Chung Sang-Hwa - 20th Century & Contemporary Art Evening Sale London Sunday, June 26, 2016 | Phillips

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  • Provenance

    Private Collection
    K Auction, Seoul, 100+ auction, 29 April 2014, lot 2
    Private Collection, Asia
    Acquired at the above sale by the present owner

  • Catalogue Essay

    Born in Korea in 1932, Chung Sang-Hwa is a leading protagonist of the now celebrated 'Dansaekhwa' movement of (chiefly) monochromatic painting that emerged in Korea in the mid 1970’s. Executed in 1985, Untitled 85-7-14, is a wonderful example of Chung’s aesthetic and practice. A pure white monochrome surface reveals, only upon close inspection, an intricate reductive process of painting: a combination of the repetitive application, then removal of white acrylic paint on canvas, forming a network of tiny squares that seem to have been almost cut in to the painted layer. These squares are, of course, the fruits of a most laborious process; a dynamic predicated upon the rituals of Performance and executed as one repeats their mantra to achieve transcendental meditation.

    Like his fellow Dansaekhwa artists, Park Seo-Bo, Ha Chong-Hyun and Lee Ufan, process is privileged over painting or any such suggestion of form. The content of the work resides entirely in the manner of its making. As such, strong connections can be made with the conceptual trajectories of movements as various as Arte Povera, Minimalism and even Land Art, as well as the work of early post-war artists such as Piero Manzoni and Yves Klein. Their determined efforts to make the hand of the artist as invisible as possible, so as to let the object achieve a status outside of the confines of its own production, chimes neatly with the coda of Dansaekhwa. Process for Chung becomes a movement that is repeated so much that the artist loses himself in it; his eye-hand-support coordination becomes almost innate. Thus the artist is able to treat his surface as objectively and impassionately as possible; eschewing ‘emotion’ as much as possible to create a silent, modest surface built out of intense layers of focus, commitment and time.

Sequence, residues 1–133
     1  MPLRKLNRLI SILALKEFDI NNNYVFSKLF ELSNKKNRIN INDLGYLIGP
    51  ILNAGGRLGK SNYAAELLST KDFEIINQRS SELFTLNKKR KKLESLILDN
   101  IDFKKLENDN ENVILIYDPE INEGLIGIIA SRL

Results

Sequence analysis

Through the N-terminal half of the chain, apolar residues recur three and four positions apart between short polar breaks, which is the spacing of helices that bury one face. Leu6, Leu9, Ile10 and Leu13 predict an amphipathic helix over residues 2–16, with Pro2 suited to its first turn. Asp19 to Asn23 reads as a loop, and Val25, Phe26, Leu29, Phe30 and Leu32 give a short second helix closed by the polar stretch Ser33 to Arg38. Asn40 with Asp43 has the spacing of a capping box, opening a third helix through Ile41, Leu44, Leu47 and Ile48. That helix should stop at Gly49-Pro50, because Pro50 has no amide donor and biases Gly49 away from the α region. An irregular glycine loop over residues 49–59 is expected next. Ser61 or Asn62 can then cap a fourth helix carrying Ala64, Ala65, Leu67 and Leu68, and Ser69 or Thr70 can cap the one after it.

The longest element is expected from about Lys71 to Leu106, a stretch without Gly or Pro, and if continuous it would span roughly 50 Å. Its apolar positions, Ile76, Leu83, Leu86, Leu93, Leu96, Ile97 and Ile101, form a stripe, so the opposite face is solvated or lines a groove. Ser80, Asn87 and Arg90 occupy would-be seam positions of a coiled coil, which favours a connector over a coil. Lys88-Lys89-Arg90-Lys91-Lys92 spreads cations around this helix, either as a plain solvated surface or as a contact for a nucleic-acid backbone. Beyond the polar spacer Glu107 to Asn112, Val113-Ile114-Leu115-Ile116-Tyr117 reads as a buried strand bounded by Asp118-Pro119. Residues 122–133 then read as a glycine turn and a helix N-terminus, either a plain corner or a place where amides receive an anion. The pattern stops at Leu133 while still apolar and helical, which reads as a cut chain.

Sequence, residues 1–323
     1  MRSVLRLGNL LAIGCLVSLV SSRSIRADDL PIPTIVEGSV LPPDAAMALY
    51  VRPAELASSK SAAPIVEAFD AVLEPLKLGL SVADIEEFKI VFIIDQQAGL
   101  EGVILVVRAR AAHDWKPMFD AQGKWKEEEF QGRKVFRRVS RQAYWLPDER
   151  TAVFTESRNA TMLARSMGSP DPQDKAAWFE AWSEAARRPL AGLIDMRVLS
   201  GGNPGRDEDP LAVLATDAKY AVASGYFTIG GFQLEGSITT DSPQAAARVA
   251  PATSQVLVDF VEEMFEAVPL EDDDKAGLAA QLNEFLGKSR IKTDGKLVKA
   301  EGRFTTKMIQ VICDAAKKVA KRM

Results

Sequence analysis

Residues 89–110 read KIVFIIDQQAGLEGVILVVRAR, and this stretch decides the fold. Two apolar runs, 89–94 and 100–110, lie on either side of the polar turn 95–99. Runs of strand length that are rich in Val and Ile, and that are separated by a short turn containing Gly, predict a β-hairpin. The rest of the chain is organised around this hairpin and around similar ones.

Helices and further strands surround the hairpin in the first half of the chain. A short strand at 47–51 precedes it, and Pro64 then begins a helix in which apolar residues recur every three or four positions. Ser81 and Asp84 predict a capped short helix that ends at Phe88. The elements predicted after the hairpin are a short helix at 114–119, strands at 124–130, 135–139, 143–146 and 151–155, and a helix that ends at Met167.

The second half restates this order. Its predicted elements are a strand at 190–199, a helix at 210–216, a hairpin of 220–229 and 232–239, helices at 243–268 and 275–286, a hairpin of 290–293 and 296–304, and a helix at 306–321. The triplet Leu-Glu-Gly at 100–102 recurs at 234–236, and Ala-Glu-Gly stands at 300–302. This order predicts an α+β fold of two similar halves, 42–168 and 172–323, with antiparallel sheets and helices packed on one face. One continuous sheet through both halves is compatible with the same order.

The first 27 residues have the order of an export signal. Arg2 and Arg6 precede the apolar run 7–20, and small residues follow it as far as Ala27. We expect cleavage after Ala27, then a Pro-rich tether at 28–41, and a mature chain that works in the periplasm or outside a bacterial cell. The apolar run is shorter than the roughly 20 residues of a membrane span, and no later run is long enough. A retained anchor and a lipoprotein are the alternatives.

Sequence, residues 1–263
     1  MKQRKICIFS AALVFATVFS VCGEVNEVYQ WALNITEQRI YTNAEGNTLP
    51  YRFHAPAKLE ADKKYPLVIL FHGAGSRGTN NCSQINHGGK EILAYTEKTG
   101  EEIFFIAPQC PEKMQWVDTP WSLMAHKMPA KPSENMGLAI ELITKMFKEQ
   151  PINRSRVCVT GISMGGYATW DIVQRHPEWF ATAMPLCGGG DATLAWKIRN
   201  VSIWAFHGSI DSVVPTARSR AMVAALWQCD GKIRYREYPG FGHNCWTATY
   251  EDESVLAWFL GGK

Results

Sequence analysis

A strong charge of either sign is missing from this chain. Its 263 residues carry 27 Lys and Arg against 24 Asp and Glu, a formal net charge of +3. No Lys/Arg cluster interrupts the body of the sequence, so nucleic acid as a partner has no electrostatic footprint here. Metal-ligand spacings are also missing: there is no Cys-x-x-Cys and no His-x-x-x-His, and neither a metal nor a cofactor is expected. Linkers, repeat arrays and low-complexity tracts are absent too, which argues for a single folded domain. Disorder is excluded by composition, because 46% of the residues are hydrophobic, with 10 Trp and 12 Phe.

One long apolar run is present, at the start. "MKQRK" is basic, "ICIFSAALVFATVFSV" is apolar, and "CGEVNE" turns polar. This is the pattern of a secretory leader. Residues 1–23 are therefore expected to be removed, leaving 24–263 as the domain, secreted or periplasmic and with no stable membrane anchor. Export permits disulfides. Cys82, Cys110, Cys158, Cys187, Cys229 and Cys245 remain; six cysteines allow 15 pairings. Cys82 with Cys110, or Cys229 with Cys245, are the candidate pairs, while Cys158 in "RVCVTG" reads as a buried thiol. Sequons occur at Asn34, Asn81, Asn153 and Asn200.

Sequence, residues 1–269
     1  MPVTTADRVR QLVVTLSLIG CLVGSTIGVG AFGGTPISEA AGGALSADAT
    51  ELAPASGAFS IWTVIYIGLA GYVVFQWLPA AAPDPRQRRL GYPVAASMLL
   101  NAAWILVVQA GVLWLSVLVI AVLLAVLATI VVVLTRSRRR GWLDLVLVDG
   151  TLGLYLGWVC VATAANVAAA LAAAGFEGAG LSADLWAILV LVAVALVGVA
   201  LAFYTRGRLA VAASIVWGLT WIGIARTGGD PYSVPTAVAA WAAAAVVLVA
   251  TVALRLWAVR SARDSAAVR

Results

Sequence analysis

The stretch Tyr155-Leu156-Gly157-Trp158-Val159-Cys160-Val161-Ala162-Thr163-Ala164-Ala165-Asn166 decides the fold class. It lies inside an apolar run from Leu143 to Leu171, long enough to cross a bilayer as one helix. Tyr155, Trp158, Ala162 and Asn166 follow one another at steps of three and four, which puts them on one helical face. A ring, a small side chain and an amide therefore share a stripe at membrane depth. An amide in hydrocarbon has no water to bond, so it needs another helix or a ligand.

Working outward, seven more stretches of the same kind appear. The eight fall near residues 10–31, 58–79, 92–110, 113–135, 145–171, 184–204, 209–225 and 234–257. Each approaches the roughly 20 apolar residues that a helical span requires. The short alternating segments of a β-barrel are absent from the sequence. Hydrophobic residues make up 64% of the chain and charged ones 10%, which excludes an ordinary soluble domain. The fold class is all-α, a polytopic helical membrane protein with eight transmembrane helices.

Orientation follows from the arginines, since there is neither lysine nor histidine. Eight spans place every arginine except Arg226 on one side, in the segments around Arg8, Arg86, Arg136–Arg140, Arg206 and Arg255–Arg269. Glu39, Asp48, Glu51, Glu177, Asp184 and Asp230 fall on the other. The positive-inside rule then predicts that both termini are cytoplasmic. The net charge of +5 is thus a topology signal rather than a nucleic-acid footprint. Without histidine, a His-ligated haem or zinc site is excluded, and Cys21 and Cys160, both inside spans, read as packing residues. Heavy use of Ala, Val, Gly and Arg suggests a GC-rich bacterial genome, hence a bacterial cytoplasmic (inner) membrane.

As Professor Joan Kee neatly summarises, 'I think Chung approached painting not just as an object, but as a question of time: the labor he invested was a way of making that very clear. It takes a long time to produce a single work. Not only is there repetition, but there are long periods of waiting — waiting for paint to dry, to peel, to chip away, and so forth. His work may be described in some way as an aesthetic of accumulation. There is density of material, but also density of duration.' (Joan Kee in The Korea Times, 'Chung Sang-hwa seeks aesthetics of accumulation', Seoul, 27 March 2016)


Untitled 85-7-14

acrylic on canvas
130.5 x 130.5 cm (51 3/8 x 51 3/8 in.)
Signed, titled and dated in English and Korean 'Chung Sang-Hwa "85-7-14" 1985' on the reverse.

£300,000 - 400,000 

Sold for £449,000

Contact Specialist
Peter Sumner
Head of Contemporary Art, London
+44 207 318 4063

20th Century & Contemporary Art Evening Sale

London Auction 27 June 2016